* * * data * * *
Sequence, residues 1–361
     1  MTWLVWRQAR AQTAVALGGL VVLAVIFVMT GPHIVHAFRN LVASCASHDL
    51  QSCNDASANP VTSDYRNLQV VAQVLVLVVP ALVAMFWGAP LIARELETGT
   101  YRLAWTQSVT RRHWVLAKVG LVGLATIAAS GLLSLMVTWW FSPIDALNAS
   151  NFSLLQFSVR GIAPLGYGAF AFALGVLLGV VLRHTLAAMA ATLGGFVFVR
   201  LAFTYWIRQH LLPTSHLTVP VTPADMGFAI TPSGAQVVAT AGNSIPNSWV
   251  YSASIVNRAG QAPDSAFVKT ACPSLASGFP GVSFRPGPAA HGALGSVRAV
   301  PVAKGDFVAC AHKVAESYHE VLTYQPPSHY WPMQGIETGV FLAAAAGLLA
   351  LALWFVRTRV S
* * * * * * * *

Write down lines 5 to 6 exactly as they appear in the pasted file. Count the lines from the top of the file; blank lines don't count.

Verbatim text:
   151  NFSLLQFSVR GIAPLGYGAF AFALGVLLGV VLRHTLAAMA ATLGGFVFVR
   201  LAFTYWIRQH LLPTSHLTVP VTPADMGFAI TPSGAQVVAT AGNSIPNSWV